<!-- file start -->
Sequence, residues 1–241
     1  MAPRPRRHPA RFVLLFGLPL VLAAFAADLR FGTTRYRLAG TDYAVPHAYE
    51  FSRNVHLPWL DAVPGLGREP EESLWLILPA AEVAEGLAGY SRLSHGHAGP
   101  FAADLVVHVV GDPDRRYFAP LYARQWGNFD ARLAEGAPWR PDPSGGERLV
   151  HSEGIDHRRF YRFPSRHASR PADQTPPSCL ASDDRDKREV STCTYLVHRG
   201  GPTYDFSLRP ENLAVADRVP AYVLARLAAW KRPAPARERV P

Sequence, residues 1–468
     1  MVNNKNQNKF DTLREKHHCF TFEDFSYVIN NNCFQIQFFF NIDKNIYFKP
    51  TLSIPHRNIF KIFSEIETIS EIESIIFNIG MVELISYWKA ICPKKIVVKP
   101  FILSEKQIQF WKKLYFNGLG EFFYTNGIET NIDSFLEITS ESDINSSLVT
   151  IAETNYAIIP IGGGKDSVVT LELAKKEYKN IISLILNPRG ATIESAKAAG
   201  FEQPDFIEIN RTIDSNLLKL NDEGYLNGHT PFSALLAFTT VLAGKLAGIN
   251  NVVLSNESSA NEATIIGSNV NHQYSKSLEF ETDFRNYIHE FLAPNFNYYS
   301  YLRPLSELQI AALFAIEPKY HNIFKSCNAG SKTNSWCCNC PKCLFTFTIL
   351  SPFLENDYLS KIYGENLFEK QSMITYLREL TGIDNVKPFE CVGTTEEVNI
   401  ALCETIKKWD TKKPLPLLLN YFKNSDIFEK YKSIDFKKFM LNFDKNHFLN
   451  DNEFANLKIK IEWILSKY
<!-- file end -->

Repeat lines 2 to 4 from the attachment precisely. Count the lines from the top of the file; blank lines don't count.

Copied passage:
     1  MAPRPRRHPA RFVLLFGLPL VLAAFAADLR FGTTRYRLAG TDYAVPHAYE
    51  FSRNVHLPWL DAVPGLGREP EESLWLILPA AEVAEGLAGY SRLSHGHAGP
   101  FAADLVVHVV GDPDRRYFAP LYARQWGNFD ARLAEGAPWR PDPSGGERLV